What is the best way to close out a course? The current gamification trend suggests updating some tried and true methods. Below is a classic Toolbox post on how to turn the last day into a game of Jeopardy. However, MBA students at the University of South Florida have recently updated it with a very slick PowerPoint version that is really worth checking out. Since the file has macros, you will need to download it and run it in PowerPoint (can’t be viewed otherwise). The categories and questions can be edited in PowerPoint. The students read Richard Rumelt’s Good Strategy, Bad Strategy and turned the key points into Jeopardy questions. They then used buzzers (below) and the file above to run a Jeopardy-based class exercise. (Thanks so much to Erwin Danneels and his students, Pranali Panjwani, Elliott Parker, Blesson Mullappally, Saharsh Kislaya, Bikash Patra, for sharing).
If you want to add some spice to this exercise, you might get a set of buzzers that contestants can use to get control of the board. Here is a link for a reasonably priced set of buzzers on Amazon.
This can also be done in a lower tech manner by using a white board for the categories and dollar amounts. One can also have Daily Doubles and a final Jeopardy question. The ‘prize’ might be that the winning team gets extra class participation points for that day. Alternatively, one might find other meaningful prizes to distribute.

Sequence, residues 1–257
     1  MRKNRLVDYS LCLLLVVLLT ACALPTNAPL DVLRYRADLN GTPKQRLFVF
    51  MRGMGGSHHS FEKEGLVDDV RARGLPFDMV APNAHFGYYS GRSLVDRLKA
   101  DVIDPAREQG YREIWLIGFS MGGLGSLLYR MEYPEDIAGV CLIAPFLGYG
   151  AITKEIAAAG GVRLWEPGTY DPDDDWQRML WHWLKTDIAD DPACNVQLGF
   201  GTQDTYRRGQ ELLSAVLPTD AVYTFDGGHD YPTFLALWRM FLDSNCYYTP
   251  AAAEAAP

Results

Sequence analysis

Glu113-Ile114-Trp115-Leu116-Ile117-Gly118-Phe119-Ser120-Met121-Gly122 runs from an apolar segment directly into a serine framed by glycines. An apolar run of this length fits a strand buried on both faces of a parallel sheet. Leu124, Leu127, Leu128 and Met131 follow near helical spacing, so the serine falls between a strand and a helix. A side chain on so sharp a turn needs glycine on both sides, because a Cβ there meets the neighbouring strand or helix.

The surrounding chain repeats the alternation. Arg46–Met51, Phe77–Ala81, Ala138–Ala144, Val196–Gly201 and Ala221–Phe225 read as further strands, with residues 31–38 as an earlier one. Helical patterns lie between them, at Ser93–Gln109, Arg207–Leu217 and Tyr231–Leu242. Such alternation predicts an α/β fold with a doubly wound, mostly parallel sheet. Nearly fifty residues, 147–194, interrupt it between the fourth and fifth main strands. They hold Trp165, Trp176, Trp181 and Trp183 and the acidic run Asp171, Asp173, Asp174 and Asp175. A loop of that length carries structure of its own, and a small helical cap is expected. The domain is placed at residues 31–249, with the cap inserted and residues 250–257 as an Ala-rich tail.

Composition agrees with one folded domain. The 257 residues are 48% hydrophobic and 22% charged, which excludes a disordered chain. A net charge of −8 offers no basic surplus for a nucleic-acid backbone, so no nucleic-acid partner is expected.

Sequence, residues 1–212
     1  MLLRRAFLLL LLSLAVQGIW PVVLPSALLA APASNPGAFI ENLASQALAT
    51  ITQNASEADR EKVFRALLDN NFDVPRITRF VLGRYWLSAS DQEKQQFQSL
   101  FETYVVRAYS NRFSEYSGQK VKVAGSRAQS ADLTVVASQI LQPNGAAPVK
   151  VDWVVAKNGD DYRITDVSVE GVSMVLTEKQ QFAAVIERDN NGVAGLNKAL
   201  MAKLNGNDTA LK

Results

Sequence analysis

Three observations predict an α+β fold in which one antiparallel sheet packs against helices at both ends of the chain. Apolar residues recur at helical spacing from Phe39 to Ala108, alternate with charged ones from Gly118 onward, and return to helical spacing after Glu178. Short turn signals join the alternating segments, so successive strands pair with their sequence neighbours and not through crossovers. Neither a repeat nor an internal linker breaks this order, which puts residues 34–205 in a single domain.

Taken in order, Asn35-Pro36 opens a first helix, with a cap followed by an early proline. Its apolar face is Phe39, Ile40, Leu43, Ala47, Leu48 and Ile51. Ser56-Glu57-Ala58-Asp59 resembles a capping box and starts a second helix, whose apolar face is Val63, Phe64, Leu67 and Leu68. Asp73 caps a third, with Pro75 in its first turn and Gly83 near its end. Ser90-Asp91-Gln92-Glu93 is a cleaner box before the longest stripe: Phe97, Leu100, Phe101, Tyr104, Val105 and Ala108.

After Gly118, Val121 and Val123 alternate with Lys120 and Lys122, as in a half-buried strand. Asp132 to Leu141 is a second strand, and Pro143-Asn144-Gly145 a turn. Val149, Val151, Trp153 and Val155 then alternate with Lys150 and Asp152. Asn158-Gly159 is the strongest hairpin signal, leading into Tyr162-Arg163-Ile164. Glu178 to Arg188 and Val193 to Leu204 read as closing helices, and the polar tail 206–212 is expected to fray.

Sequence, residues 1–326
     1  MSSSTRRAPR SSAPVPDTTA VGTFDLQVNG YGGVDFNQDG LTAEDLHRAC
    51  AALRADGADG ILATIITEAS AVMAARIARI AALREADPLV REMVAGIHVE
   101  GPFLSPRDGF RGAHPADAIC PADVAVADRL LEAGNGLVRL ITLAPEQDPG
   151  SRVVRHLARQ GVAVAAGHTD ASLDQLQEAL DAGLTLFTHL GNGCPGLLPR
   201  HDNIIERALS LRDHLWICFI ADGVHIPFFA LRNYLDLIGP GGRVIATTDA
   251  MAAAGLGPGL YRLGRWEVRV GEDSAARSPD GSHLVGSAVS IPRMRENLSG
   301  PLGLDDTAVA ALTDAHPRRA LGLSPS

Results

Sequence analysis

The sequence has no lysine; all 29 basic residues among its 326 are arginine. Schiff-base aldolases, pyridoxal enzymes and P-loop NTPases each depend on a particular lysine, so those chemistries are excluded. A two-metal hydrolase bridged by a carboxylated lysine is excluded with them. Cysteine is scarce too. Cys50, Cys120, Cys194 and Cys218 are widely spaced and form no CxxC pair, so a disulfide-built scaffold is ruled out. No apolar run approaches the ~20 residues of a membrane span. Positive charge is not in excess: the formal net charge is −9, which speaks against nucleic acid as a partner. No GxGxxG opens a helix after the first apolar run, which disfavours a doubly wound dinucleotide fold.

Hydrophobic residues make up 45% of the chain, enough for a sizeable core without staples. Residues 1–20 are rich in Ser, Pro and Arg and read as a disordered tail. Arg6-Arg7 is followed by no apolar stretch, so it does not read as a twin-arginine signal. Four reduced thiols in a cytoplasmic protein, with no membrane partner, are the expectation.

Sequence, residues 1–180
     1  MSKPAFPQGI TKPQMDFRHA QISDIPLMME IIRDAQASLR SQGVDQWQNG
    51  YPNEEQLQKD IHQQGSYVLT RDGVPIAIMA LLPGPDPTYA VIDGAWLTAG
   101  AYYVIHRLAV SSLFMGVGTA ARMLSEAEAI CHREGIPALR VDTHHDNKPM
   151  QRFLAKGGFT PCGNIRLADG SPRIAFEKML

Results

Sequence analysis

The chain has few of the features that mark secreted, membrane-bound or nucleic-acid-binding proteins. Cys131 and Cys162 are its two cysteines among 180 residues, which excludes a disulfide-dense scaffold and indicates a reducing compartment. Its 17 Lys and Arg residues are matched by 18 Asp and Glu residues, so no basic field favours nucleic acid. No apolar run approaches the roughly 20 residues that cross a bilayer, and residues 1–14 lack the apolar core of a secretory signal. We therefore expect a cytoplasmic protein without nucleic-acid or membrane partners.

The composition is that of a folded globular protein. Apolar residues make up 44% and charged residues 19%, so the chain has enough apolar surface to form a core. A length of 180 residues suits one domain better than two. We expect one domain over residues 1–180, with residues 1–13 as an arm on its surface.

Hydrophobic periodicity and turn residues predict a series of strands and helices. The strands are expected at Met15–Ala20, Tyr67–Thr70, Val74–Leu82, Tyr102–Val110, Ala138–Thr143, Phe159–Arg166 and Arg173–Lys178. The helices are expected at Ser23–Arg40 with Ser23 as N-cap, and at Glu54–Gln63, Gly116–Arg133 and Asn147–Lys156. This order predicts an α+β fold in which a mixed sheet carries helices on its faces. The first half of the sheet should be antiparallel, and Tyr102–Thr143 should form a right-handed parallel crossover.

Here is another take at Jeopardy Questions in a word file. As you can see, they are a mix of course ideas and fun topics. For the category ‘Before and After’ (which is the hardest), the instructor would display the question on a projector so students could read and think about it (otherwise one can just read the questions).
I developed a jeopardy game as a review for the final exam for my strategy courses. It uses a powerpoint template like the one above. Students seem to really enjoy this review, and it shows them the importance of studying for the final. Moreover, it lets them apply strategy concepts one more time before the class is over (my objective).
I recommend trying this format. Note I use teams and have students self-score in the first round – including a “double jeopardy” question. The top 2 teams go to the finals and face off. Each team designates a “hand raiser” and My TA watches to see which team raises its hand first – they like this “low-tech” approach. So, if you do not want to purchase buzzers, this technique will work for you. In the event of a hand raising tie, I use “rock, paper, scissors” to break the tie. Each team gets 2 “life lines” in the final round they can use to ask students in the audience for help. If you “guessed” the eventual winning team correctly, you get a small piece of candy. Winners get candy bars.